Nectar Dearth

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Bees work diligently collecting food from flowers but sometimes there is little to no food available – this is called a nectar dearth. Not all flowers feed bees and those that do are not always productive – blooms do not always mean that food is present. Short dearth periods are usually no big deal. But, beekeepers wanting to keep strong productive hives may have to step in and help if the situation continues for too long.

Fewer foragers entering a beehive during a nectar dearth period.

As a long time beekeeper, I have come to understand and expect variances in good beehive management. We are at the mercy of the weather to a degree. A calendar of what to do when is great but you can not carve those dates in stone.

What is a Nectar Dearth?

Honey bees collect several resources for the colony. They need large amounts of plant nectar in order to make honey. They also gather pollen as a protein source for developing young.

The word “dearth” refers to a lack of something. So, a nectar dearth means a reduction of available plant nectar and perhaps no nectar at all!

Regardless, bees do fly out looking for food and expend valuable energy in times when the return is not very good.

Many hives are affected each year by a nectar dearth. Often, it simply slows down colony growth and production. But, if it comes at a bad time-or lasts too long it could spell disaster for the colony.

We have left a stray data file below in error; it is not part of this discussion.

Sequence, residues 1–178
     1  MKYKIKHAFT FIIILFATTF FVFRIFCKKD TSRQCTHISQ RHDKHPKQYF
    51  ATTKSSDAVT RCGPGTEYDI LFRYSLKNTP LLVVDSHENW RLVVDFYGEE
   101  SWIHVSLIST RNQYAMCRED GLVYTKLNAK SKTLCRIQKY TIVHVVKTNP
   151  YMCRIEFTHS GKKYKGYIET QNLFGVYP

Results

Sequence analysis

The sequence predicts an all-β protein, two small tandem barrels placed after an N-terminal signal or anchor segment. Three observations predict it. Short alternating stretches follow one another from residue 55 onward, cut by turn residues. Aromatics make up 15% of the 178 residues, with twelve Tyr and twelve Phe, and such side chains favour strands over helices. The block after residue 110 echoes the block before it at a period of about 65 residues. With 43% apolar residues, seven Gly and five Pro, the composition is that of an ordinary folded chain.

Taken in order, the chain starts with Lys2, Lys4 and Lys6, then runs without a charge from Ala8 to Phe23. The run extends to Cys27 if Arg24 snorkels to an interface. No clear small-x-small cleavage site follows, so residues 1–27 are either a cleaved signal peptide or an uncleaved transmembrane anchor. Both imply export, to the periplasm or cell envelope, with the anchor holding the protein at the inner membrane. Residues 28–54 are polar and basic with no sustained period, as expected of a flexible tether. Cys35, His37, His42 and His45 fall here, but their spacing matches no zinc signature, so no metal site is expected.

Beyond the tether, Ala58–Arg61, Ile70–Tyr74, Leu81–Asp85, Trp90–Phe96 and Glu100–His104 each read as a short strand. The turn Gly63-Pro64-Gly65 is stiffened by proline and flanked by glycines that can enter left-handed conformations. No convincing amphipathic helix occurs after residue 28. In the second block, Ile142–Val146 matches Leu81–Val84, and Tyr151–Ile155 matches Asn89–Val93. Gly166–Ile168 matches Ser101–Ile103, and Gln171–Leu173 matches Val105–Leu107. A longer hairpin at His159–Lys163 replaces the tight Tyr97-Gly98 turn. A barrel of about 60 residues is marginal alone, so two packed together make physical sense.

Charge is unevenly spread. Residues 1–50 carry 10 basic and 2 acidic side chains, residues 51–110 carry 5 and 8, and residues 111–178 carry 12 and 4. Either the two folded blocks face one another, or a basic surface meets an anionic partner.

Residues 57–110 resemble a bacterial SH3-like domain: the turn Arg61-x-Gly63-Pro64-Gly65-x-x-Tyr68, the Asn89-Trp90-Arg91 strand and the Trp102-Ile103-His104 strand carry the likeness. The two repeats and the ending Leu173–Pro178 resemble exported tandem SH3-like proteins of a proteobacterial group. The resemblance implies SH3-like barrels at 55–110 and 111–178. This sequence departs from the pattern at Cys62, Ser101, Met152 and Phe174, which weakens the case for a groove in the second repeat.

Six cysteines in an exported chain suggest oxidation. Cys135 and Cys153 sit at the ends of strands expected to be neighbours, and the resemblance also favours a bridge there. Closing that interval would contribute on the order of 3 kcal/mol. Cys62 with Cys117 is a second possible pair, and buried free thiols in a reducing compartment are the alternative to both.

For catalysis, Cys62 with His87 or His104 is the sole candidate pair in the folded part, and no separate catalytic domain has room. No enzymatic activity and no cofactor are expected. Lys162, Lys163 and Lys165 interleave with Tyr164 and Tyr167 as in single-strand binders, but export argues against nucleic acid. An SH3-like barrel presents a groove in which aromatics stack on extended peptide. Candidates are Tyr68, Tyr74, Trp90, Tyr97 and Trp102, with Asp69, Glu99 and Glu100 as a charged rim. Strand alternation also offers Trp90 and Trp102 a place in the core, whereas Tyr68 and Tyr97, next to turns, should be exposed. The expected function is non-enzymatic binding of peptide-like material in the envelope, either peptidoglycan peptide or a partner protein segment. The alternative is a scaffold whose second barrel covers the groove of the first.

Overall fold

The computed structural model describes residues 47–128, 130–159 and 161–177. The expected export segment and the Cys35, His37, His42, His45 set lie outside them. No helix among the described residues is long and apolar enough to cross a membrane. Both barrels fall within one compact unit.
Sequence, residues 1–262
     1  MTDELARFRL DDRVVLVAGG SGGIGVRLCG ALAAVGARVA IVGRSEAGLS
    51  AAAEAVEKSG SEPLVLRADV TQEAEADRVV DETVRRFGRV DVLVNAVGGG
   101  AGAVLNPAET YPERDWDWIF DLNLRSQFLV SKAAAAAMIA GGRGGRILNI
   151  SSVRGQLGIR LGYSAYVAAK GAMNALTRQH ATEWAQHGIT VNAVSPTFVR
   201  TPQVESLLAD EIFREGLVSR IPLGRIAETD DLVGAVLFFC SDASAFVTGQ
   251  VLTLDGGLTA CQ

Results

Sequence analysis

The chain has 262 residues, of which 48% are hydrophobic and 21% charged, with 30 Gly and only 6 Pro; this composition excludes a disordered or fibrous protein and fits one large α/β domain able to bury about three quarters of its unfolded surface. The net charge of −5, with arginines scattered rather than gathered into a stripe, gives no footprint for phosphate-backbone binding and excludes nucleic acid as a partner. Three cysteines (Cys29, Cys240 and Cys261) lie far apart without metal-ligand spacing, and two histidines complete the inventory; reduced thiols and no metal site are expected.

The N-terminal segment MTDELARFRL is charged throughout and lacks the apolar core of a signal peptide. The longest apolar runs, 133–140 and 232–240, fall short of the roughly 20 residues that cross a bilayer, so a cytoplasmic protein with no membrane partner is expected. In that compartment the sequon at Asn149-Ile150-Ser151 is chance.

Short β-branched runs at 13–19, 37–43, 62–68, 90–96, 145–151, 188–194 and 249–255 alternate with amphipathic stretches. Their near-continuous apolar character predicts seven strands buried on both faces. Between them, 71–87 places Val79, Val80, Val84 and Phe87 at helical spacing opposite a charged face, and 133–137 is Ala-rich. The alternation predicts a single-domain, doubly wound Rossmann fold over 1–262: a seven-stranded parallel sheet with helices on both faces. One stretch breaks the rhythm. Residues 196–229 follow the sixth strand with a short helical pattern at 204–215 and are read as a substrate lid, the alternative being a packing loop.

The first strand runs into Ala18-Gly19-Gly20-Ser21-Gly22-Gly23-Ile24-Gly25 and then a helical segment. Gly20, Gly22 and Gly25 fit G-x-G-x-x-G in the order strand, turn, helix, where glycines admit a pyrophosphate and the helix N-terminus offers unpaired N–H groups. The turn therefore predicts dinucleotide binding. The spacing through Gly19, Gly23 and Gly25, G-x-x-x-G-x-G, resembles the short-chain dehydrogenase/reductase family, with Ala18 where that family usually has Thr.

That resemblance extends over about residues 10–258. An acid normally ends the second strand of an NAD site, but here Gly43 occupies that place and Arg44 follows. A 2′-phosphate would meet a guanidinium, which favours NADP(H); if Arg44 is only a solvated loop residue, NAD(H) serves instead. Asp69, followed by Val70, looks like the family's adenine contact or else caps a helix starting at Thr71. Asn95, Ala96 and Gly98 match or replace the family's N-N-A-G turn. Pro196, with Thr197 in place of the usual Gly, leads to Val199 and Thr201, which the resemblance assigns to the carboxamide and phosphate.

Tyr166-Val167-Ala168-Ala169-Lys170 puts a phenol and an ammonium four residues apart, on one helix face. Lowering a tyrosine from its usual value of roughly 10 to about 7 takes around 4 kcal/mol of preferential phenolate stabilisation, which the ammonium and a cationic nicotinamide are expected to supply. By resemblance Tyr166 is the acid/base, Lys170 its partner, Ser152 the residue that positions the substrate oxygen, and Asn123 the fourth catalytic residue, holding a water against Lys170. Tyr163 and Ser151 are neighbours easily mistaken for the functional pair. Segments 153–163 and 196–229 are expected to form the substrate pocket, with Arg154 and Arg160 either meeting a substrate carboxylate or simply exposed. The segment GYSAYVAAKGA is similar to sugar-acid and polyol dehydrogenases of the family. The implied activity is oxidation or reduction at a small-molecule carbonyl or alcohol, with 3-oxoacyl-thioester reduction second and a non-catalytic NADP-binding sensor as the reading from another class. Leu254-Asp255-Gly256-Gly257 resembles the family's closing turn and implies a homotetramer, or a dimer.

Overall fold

Row of colorful hives during a nectar dearth or lack of forage image.

Seasonal Dearths – Lack of Bee Food

A lack of nectar (or pollen) can happen at any time during the growing season-but it is more common in mid to late Summer. This is especially true in areas where Summer months are hot and dry (like my region in South Carolina).

This is where the local component of beekeeping comes into play – benefits of connecting with your local beekeeping association.

An experienced beekeeper knows which plants in their area produces nectar and the general bloom time. We also learn which weeks or months of the season as more likely to result in bad foraging conditions each year.

Short Term Shortages

In addition to a seasonal nectar dearth that occurs every year at the same time, weather conditions can make things worse.

Short term situational dearths can happen though the are not as detrimental to colony health. Days of storms that rip flowers from the plants or late season frosts are good examples.

Many plants recover from this temporary shortage of nectar within a week or so as new flowers open. But, if your area is experiencing a drought, your bee food supply may be in serious trouble.